This is an “open or free tower” press and had a base with a piston underneath moving up and down when driven, supported by a cylinder. It was composed of four columns (or traverses) connecting the base to the top structure, usually bearing the name of the manufacturer. A gauge for measuring the pressure was mounted close to the columns. The “open tower” model, marketed already in the beginning of the 20th century, was manufactured and sold for decades by companies such as Veraci of Firenze, Camplone of Pescara and other well-known oil press manufacturers.
The pump that works the press can be in one or more sections. It is made of plungers or pistons that draw and push the internal fluid. The hydraulic pump is driven by a motor that lifts the pistons; this opens the valve allowing the water from the tank to enter the pump. When the pistons lower the valve is shut and another opens, letting the water through the communication tube linking the pump to the press. The water carried to each press through the tube entered the underlying cylinder and pushed the piston to create pressure. On each pump a rotating lever stops the water from being pumped when is needed (high and low pressure) until the correct pressure levels are reached. The pump on display was built by the Company Società Veraci Officine Meccaniche e Fonderie Firenze.
Veraci centrifuge separator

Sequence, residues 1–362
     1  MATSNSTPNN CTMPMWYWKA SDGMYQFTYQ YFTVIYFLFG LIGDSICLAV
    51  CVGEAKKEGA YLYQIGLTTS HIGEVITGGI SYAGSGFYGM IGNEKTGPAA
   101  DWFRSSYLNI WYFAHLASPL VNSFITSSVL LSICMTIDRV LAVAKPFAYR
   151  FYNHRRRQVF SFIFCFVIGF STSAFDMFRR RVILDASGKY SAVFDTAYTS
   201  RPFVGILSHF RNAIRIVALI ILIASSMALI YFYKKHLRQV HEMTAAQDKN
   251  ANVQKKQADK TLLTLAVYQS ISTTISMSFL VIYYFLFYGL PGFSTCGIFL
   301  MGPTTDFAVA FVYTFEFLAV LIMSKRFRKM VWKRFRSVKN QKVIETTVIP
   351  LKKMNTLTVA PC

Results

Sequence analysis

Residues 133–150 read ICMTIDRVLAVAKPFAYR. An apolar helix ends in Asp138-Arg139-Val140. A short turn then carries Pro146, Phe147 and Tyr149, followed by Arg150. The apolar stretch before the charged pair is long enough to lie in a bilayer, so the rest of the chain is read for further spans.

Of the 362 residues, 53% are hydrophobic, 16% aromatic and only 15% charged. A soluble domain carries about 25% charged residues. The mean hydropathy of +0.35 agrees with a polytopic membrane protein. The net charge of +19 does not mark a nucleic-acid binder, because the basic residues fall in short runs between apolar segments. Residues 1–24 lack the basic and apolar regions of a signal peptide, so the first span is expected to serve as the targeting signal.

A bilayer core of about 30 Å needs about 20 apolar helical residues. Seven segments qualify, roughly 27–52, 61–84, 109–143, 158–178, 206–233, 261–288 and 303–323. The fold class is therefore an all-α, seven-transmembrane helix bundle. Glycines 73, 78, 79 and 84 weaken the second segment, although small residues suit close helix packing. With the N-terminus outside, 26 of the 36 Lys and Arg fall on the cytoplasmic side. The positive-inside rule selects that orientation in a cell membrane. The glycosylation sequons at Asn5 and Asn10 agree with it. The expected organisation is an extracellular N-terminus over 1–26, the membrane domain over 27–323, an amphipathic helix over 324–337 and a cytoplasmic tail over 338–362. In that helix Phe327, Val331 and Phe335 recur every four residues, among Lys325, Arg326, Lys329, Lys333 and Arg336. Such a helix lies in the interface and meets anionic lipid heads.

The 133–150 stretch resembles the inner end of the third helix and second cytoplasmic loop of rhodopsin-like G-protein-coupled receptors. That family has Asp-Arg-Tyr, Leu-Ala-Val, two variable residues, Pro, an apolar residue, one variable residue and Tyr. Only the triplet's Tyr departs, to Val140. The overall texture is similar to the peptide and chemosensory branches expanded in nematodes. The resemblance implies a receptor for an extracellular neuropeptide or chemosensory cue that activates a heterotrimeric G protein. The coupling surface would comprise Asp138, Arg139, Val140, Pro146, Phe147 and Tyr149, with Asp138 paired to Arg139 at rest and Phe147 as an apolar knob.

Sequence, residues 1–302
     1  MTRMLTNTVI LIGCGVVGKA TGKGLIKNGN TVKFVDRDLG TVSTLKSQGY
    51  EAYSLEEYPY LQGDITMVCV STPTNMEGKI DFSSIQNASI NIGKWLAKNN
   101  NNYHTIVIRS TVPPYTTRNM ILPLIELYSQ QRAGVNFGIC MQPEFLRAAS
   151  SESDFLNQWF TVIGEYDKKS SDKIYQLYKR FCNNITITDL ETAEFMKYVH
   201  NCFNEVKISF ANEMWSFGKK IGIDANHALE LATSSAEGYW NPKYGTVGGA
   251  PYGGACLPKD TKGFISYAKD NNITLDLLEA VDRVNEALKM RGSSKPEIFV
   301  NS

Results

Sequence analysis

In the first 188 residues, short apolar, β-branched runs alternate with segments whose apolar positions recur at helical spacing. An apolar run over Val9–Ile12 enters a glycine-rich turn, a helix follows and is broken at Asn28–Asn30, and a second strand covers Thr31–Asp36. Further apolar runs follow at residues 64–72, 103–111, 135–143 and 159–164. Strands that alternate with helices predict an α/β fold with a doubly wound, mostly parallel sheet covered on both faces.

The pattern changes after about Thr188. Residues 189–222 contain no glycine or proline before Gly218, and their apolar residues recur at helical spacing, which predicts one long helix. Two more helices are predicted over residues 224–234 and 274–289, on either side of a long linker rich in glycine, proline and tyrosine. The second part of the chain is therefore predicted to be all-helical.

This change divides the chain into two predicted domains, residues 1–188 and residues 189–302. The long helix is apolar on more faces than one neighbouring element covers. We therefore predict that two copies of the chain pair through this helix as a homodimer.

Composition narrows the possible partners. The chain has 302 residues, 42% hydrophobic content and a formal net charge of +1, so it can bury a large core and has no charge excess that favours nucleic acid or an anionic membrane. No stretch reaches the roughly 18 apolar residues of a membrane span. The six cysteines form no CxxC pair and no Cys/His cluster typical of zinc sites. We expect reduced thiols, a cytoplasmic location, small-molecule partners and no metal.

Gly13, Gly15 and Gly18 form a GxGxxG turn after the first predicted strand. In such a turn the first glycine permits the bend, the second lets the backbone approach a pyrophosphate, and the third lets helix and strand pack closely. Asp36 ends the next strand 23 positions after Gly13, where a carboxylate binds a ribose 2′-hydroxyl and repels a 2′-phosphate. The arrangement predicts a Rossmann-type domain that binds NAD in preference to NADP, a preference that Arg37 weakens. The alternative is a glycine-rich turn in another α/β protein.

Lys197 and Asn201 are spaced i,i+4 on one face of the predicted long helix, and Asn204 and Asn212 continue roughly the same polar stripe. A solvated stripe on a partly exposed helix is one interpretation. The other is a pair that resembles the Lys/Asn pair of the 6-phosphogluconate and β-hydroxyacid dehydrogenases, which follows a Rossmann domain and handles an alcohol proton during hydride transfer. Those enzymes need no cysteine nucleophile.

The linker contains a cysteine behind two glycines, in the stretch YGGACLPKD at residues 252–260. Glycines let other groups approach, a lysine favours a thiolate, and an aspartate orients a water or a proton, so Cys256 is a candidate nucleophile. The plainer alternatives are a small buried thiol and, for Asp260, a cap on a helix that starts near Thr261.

A mechanical separator was first used in the early decades of the 20th century and it replaced the terracotta plate. Using this apparatus, oil was completely separated from the vegetation water. After pressing, the liquid (oil and water) was drawn into the machine so that the vegetation water could be quickly separated from the oil thus obtaining a good quality olive oil. This machine was made up of a centrifuge, a centrifuge board and an underlying motor, and was built by the Società Veraci Officine Meccaniche e Fonderie Firenze.
Camplone centrifuge separator
The Beta single separator was built by the Company Fonderie – Officine Camplone S.p.a. in Pescara around 1960. It was made up of a centrifuge driven by an electric motor at the rear left of the machine. It separated the oil from the vegetation water mechanically to obtain an excellent quality product.
Genoese-type screw press, known as a "strettojo"